Paly students have experienced the most dramatic changes: a later morning start time, a new weekly "tutorial" period and a "block schedule" in which classes meet every other day but for twice as long.
There are fewer obvious changes at Gunn, where the weekly tutorial has been a staple for at least a decade. Last weekend (Oct. 16-17) the school sent a team of students, teachers and parents to brainstorm stress-reducing ideas at a national conference on youth well-being at Stanford University.
Both campuses are awaiting an imminent decision likely to have a major impact on high-school-student life in Palo Alto — the Board of Education's Nov. 9 vote on whether to shift first-semester final exams to before the December break.
Superintendent Kevin Skelly has recommended the calendar change — which also shifts the entire school year from mid-August to the end of May — starting in the 2011-12 school year. Most high schools in the area, including Menlo-Atherton, Los Altos, Mountain View, St. Francis, Castilleja and Menlo, already have moved to pre-winter break finals.
Paly's stress-busting initiatives this fall are a legacy of former Principal Jacquie McEvoy, who convened a task force that recommended the changes last spring.
"It's something we've been working on for a very long time," Paly Guidance Counselor Susan Shultz said.
Shultz said when the school's "stressed-out students committee" was unsuccessful in its campaign for pre-break finals calendar several years ago, it began focusing on "things we could do on our own campus for our kids" — and McEvoy supported those efforts.
This fall, Paly's morning start time was moved from 7:50 a.m. to 8:15 a.m.
Under a new "block schedule," students have no more than three or four classes per day — except on Mondays when all seven periods meet, as was traditional in past years.
A mandatory "tutorial" period every Thursday encourages students — after check-in with their sixth-period teacher — to scatter around the campus to seek assistance from teachers or simply study in the classrooms of their choice.
All changes at Paly are being tested under a one-year pilot. Student, parent and teacher feedback will be solicited before a second-semester evaluation of the initiatives, Shultz said.
The concept behind the tutorial is to give students an opportunity within the regular school day to gain extra access to teachers in whatever way they feel is necessary, Paly Principal Phil Winston said.
"If a student goes to an English teacher's classroom but does math homework there, I find that acceptable," Winston said.
"It means they're comfortable with that teacher, which draws them in.
"When we talk about the social-emotional needs of students, there are simple things we can do to increase people's connectedness, such as offering them the ability to go to any teacher they choose.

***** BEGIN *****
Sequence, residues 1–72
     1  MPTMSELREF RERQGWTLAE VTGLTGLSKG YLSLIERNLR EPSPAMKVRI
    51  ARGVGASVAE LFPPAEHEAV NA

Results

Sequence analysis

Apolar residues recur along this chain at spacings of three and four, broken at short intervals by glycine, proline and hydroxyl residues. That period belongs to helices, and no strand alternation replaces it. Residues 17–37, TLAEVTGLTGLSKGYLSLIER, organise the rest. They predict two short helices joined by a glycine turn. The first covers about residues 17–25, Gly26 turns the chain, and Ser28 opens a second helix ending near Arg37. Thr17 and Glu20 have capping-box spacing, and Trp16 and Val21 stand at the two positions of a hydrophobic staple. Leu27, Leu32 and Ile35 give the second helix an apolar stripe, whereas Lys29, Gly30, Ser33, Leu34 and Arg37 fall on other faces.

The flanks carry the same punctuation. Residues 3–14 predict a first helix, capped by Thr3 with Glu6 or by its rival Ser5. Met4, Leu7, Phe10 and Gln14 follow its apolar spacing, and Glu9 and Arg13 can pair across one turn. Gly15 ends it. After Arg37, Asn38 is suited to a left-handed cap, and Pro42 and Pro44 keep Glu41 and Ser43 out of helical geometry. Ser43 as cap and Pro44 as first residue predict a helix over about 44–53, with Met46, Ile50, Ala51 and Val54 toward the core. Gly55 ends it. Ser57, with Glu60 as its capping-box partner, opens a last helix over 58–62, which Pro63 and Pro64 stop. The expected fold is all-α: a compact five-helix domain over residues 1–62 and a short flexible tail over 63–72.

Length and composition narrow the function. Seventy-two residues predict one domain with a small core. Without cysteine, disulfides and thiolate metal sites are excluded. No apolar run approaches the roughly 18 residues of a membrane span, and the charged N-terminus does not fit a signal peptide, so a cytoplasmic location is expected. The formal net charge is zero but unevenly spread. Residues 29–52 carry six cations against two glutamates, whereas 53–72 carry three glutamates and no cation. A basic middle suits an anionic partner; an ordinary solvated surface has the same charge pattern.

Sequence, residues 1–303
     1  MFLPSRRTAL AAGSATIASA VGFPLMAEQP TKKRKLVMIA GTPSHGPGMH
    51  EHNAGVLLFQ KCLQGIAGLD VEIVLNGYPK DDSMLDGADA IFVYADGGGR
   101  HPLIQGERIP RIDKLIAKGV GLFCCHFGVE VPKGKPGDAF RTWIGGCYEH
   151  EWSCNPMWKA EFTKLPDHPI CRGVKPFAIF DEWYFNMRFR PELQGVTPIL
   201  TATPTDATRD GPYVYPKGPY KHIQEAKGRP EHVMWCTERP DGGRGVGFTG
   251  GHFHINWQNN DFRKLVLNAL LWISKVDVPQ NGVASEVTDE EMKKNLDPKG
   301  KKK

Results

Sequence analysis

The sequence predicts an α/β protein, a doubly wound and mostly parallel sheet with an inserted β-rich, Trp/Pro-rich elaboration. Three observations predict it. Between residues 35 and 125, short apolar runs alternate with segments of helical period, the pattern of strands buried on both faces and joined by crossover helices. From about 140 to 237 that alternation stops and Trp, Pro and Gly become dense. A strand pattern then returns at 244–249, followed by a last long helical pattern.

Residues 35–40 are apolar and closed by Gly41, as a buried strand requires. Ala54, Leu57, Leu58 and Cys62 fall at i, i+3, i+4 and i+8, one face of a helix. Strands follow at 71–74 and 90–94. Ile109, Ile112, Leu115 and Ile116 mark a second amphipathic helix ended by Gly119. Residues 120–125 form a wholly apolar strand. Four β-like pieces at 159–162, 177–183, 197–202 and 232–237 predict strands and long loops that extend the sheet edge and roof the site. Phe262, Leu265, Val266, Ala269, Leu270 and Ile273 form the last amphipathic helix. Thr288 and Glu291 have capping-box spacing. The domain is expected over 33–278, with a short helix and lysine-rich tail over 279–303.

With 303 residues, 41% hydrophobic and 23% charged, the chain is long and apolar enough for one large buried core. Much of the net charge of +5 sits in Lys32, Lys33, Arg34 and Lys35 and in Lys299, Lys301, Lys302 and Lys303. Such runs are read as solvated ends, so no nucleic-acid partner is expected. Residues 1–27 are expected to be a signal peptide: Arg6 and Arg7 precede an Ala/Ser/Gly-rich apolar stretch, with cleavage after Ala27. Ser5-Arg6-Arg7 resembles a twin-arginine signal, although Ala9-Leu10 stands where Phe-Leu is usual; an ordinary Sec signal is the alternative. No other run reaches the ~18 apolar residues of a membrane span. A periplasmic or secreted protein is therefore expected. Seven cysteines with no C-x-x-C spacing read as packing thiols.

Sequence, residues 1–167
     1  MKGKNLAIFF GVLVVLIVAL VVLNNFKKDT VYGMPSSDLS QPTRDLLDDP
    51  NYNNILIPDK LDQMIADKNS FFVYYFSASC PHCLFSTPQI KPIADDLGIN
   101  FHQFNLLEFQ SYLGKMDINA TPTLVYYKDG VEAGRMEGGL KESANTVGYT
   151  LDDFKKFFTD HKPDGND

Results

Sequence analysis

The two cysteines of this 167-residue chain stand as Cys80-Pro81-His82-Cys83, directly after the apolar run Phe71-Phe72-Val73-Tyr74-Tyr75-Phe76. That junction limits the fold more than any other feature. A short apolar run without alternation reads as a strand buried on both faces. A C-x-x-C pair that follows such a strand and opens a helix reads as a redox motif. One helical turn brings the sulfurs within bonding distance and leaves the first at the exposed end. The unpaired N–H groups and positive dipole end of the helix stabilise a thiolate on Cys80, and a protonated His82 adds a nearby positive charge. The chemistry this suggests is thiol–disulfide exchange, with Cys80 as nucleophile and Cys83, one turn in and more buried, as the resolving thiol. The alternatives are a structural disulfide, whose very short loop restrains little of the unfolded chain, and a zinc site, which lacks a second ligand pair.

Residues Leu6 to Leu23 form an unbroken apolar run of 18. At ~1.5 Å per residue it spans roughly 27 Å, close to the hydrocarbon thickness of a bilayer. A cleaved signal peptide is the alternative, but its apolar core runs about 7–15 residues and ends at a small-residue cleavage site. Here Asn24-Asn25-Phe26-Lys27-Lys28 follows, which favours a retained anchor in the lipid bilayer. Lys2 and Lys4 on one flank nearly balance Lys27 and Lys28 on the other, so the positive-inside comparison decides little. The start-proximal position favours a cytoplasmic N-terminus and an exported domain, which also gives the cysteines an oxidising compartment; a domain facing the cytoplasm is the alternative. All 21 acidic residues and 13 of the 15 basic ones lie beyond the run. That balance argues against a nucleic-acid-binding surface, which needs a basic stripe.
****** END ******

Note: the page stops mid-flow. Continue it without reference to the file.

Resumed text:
"These kinds of conversations build relationships, and make students more connected and comfortable at school."
If a student wants to check in to P.E. and shoot baskets for 20 minutes, "I want them to have that flexibility. Or maybe they just want to read a book in the quad," Winston said.
"It's about meeting them where they are."
Winston said the new 8:15 start time has been "enormously beneficial."
"Students come in vibrant, awake and ready. There's a different level of energy with just 25 extra minutes of sleep."
Start time at Gunn this fall is 7:55 a.m.
Gunn students have had a weekly tutorial period for at least a decade thanks to former Principal Noreen Likins, who instituted the practice.
"Teachers and students utilize it in a variety of ways: setting up student-teacher meetings; classwork, homework and/or project help, review assignments, test review, make-up tests and/or test re-take," Katya Villalobos, Gunn's new principal, said.
"It is an invaluable time built into the school day for students to access a valuable resource — their teachers," she said.
At last weekend's Stanford conference on teen well-being, the hot topics were block scheduling, later school start times and pre-break finals, according to Gunn Assistant Principal Tom Jacoubowsky, who accompanied the Gunn team. The conference was convened by the Stanford-based organization Challenge Success, founded by Senior Lecturer Denise Pope, psychologist Madeline Levine and education consultant Jim Lobdell.
Gunn already runs on what Jacoubowsky called a "modified block schedule," in which students have no more than five or six class periods in a day. The sixth and seventh period rotate in and out on alternate days.
Villalobos said Gunn's "big push" in the area of student social-emotional health this fall is adoption of the "Developmental Assets" approach, developed by the Minneapolis-based Search Institute and promoted locally by Project Cornerstone of San Jose.
The developmental assets are "the positive relationships, opportunities, values and skills that young people need to grow up caring and responsible," Project Cornerstone says.
Students across the Palo Alto school district took a baseline survey on Developmental Assets this month.
The results, which will be available in February, "will provide a road map of where our kids are and how we can build on those strengths," Villalobos said.